Lamone's attorney - Timothy F. Maloney, a former state legislator - said the board's attempt to suspend her was "patently unlawful."

"We now have two people claiming a single office, and that is going to create chaos in the Maryland elections process, and this needs to be settled by the court," Maloney said.

Burger said the board sought and received legal advice from the office of Attorney General J. Joseph Curran Jr. in its decision to suspend Lamone.

Lamone's hearing

The board delegated its authority to conduct a hearing on removing her to an independent agency, the Office of Administrative Hearings, Burger said.

At a hearing scheduled for Oct. 13-15, Lamone "will be afforded an opportunity to present witnesses, to cross-examine witnesses, to present evidence and testify," Burger said. Such hearings are normally closed but can be held in public if Lamone makes a request in writing for open hearings.

After these hearings conclude, Burger said, an administrative judge will issue "findings of fact" to the board. The panel will then decide whether to dismiss Lamone. She could appeal the decision in Circuit Court.

Burger said he is confident the change of elections administrators will not disrupt Maryland's ability to conduct the presidential election Nov. 2.

"The fact that it's two months before the election is just happenstance," Burger said. "My desire was to have this happen earlier, but we couldn't."

Colbert, the acting administrator, also said she expects no problems.

"There's a very professional staff there, and they will be able to deliver services as they have in the past, no matter who is at the helm," Colbert said.

'Disruptive potential'

But some legislators disagree.

"I think this kind of a coup is outrageous," said Sen. Brian E. Frosh, a Montgomery County Democrat who chairs the Senate Judicial Proceedings Committee. "It has a huge disruptive potential, to chop off the head of the elections agency right before the election."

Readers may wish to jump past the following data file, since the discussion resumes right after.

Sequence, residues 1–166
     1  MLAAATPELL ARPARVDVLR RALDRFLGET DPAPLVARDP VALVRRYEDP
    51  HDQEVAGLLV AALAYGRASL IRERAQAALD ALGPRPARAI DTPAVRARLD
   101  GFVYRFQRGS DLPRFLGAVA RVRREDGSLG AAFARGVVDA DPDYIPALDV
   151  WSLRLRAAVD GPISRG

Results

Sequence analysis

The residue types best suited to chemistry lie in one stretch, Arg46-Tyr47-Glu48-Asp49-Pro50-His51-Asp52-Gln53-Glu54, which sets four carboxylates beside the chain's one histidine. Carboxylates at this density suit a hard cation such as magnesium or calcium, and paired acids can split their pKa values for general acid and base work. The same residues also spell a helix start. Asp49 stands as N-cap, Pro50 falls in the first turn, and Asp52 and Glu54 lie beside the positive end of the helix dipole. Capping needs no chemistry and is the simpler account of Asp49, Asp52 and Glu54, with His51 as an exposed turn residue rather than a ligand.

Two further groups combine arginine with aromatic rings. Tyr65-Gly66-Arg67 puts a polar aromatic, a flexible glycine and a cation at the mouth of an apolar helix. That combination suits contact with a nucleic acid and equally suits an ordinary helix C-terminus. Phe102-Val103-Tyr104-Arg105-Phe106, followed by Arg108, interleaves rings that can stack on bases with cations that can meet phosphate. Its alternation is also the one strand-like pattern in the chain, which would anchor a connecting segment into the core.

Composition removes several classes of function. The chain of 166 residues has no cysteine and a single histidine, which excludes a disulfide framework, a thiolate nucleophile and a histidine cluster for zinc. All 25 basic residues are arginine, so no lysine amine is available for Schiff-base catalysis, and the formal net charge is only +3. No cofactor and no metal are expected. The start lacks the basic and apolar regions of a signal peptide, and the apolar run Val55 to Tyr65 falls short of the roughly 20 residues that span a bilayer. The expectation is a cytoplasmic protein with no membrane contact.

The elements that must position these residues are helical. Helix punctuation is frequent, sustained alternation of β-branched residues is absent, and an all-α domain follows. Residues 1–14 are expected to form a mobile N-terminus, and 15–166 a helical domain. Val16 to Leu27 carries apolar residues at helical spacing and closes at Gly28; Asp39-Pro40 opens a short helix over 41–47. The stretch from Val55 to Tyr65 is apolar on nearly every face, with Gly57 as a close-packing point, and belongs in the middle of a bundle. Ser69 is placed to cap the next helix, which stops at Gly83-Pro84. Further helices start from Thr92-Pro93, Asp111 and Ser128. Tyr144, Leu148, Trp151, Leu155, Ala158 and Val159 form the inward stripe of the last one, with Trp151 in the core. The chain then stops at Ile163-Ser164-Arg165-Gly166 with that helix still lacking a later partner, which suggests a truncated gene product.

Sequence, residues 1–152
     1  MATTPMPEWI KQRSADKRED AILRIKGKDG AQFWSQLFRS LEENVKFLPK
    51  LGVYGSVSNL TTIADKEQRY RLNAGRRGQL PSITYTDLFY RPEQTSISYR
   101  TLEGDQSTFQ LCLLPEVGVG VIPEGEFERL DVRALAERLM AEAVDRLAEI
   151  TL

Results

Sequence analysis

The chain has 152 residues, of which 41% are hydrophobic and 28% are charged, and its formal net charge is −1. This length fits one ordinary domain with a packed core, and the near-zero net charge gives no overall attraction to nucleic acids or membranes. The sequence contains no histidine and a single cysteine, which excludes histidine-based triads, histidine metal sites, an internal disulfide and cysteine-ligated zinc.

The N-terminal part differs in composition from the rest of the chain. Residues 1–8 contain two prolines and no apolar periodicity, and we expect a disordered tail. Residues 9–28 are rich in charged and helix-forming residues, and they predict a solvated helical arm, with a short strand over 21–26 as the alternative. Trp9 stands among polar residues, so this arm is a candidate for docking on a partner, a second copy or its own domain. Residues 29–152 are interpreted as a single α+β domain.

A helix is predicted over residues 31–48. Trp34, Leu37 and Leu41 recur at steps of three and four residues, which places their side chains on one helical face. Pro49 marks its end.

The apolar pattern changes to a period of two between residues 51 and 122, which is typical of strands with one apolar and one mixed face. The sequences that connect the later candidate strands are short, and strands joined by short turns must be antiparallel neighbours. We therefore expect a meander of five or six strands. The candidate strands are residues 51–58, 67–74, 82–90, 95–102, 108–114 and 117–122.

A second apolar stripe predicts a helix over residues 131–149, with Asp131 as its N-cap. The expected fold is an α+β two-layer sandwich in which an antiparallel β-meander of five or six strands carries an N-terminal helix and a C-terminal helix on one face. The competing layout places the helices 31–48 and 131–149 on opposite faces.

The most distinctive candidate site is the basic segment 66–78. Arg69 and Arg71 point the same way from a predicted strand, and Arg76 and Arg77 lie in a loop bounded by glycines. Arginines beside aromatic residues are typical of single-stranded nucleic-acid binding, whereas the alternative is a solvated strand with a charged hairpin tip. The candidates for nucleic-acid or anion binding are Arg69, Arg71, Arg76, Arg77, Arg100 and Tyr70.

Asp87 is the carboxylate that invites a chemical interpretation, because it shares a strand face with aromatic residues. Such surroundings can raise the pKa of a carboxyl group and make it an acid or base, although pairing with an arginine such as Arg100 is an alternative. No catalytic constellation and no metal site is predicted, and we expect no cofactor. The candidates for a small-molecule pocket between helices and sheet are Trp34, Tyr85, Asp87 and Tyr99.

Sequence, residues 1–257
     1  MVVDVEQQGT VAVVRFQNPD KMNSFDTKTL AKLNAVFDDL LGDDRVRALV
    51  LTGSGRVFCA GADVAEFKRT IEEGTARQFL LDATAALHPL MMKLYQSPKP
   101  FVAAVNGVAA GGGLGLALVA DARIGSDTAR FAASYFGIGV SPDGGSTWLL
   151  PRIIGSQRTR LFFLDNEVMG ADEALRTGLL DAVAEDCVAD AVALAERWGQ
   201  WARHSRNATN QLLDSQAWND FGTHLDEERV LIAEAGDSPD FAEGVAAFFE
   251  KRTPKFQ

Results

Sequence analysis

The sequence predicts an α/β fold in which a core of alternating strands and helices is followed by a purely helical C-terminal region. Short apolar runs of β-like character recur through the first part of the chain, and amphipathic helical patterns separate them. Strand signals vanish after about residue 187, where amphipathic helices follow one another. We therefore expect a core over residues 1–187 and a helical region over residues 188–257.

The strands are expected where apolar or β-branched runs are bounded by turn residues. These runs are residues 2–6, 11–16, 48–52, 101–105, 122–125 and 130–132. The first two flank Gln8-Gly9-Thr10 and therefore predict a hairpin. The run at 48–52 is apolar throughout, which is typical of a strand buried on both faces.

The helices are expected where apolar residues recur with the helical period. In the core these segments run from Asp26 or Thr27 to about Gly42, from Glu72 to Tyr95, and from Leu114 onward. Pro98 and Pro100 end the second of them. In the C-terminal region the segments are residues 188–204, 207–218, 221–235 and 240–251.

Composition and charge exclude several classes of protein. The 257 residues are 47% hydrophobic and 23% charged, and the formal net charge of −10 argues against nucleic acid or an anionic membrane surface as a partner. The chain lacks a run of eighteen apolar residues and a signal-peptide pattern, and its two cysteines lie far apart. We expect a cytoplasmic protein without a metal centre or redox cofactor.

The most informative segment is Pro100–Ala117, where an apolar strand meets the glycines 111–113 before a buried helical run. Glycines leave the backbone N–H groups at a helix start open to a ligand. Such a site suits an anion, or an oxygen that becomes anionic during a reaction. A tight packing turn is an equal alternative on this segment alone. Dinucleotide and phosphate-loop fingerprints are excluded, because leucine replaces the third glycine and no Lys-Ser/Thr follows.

Frosh said he doubts the board will be able to prove that Lamone is incompetent.

"She's the president-elect of the National Association of Election Administrators," Frosh said. "She's not incompetent."

He said that means the board will have to show misconduct or other good cause.

"When you're doing it two months before the presidential election, you better have something that registers very high on the Richter scale," Frosh said. "If it's policy disagreements or some minor kind of misconduct, I don't think that flies."

Ehrlich appoints members of the elections board, which by state law must be bipartisan.

Democrats cried foul when Raynor was appointed to a vacant seat that was reserved for Democrats, because of his endorsement of Ehrlich and comments that Lamone should be removed.

The board's efforts to force her removal over the past year had faltered because of a law that took effect in 1998 to insulate the elections office from partisan politics. The law requires a supermajority vote of four members.

When the board met in closed session to discuss Lamone's fate Thursday, Raynor was the only Democratic member present. The other Democrat resigned Monday because of ill health.

Copyright © 2020, The Baltimore Sun, a Baltimore Sun Media Group publication | Place an Ad